Please Stock up on these 13 healthy foods to boost your immune system during coronavirus, doctor and dietitian says

Please Stock up on these 12 healthy foods to boost your immune system during coronavirus, doctor and dietitian says

As cases of coronavirus continue to rise, taking daily precautions such as washing your hands, social distancing, exercising and getting enough sleep is key to lowering risk of infection.

But maintaining a healthy diet to help boost your immune system may also give you an edge. It’s important to note that no research has been done on foods that help fight against COVID-19 specifically.

However, previous studies have found that eating certain foods can improve your health and strengthen your body’s ability to fight other invasive viruses.

Here are nine expert-approved foods to stock up on during your next grocery store trip, along with creative ideas on how to add them to your diet:



Vitamin A 4% Vitamin C 88%
Calcium 4% Iron 0%
Vitamin D 0% Vitamin B-6 5%
Cobalamin 0% Magnesium 2%

The orange is the fruit of the citrus species Citrus × sinensis in the family Rutaceae, native to China. It is also called sweet orange, to distinguish it from the related Citrus × aurantium, referred to as bitter orange.


8 Health Benefits of Guava Fruit and Leaves

  • May Help Lower Blood Sugar Levels
  • May Boost Heart Health
  • May Help Relieve Painful Symptoms of Menstruation
  • May Benefit Your Digestive System
  • May Aid Weight Loss
  • May Have an Anticancer Effect
  • May Help Boost Your Immunity
  • Eating Guavas May Be Good for Your Skin.



Red bell peppers reign supreme when it comes to fruits and vegetables high in vitamin C. That’s about twice more than an orange (106%).

A 2017 study published in the National Institutes of Health found that vitamin C contributes to immune defense by supporting a variety of cell functions and can lower the risk of respiratory infections. It can also help the growth and repair of tissues in your body.

“Daily intake of vitamin C is essential for good health because our bodies don’t produce it naturally.”


“Broccoli is packed with phytochemicals and antioxidants that support our immune system. It also contains vitamin E, an antioxidant that can help fight off bacteria and viruses.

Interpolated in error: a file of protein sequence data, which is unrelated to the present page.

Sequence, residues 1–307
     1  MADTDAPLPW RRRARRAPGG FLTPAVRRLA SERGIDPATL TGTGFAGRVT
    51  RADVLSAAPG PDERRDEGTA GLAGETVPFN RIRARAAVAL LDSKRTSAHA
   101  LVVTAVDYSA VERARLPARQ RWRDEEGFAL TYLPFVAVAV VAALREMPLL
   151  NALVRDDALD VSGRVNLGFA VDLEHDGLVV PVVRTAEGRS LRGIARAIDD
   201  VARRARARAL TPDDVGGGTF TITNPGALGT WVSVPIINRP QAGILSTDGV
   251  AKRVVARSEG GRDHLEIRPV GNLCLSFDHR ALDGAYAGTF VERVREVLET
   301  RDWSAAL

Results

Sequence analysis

Chickpeas contain a lot of protein, an essential nutrient made of amino acids that help grow and repair the body’s tissues. It’s also involved in synthesizing and maintaining enzymes to keep our systems functioning properly.


Dr.Ayman Ilyas enjoys half a cup of strawberries to get 50% of her vitamin C needs for the day.

“Vitamin C is great for strengthening your immune system,”, because it can help protect cells from damage caused by free radicals that we’re often exposed to in the environment.

Dr.Ayman Ilyas recommends adding chopped strawberries to yogurt, oatmeal or on top of whole wheat toast with peanut butter. “Of course, they go well with smoothies, too,”


“Not only is garlic full of flavor, but it’s packed with health benefits such as lowering blood pressure and reducing risk of heart disease,” according to Dr.Ayman Ilyas. “Garlic’s immunity-boosting abilities come from its heavy concentration of sulfur-containing compounds, which can help fight off some infections.”


“While sun exposure is the best source of vitamin D, it can also be provided by some foods, including mushrooms”.

A 2018 review of mushrooms as a vitamin D source found that the “sunshine vitamin” can help enhance the absorption of calcium, which is good for bone health, and may also protect against some cancers and respiratory diseases.

Mushrooms are great as a side dish or appetizer. Dr.Ayman Ilyas recommends roasting them at about 350 degrees Fahrenheit, using one to two tablespoons of oil, minced garlic and a dash of salt and pepper. For something more flavorful, bake button mushrooms stuffed with cheese, onion and artichoke hearts.


“Spinach is rich in vitamin C and full of antioxidants that help shield our immune cells from environmental damage. “Plus, it has beta carotene, which is the main dietary source of vitamin A — an essential component of proper immune function.”

Like broccoli, it’s best to consume spinach raw or slightly cooked. To incorporate more spinach into your diet, Dr.Ayman Ilyas suggests blending it in a smoothie, cooking it with your morning eggs or, as an easy side dish, lightly sauteing with garlic.


“Yogurt is a great source of probiotics, which are good bacteria that can help promote a healthy gut and immune system,” says Dr.Ayman Ilyas. Recent studies have also found probiotics to be effective for fighting the common cold and influenza-like respiratory infections.

Dr.Ayman Ilyas recommends choosing plain yogurt — rather than anything too flavored or sweetened — and topping it with fruit and honey. “Or, you can add it to your favorite post-workout smoothie,” she says.


“Sunflower seeds are high in vitamin E, which works as an antioxidant and helps boosts the immune system,” says Dr.Ayman Ilyas.

Small but mighty, just one ounce of dry-roasted sunflower seeds can give you 49% of your daily value of vitamin E.


Bitter melon — also known as bitter gourd  is a tropical vine that belongs to the gourd family and is closely related to zucchini, squash, pumpkin, and cucumber.It’s cultivated around the world for its edible fruit, which is considered a staple in many types of Asian cuisine.

In addition to its sharp flavor and distinct appearance, bitter melon has been associated with several impressive health benefits.

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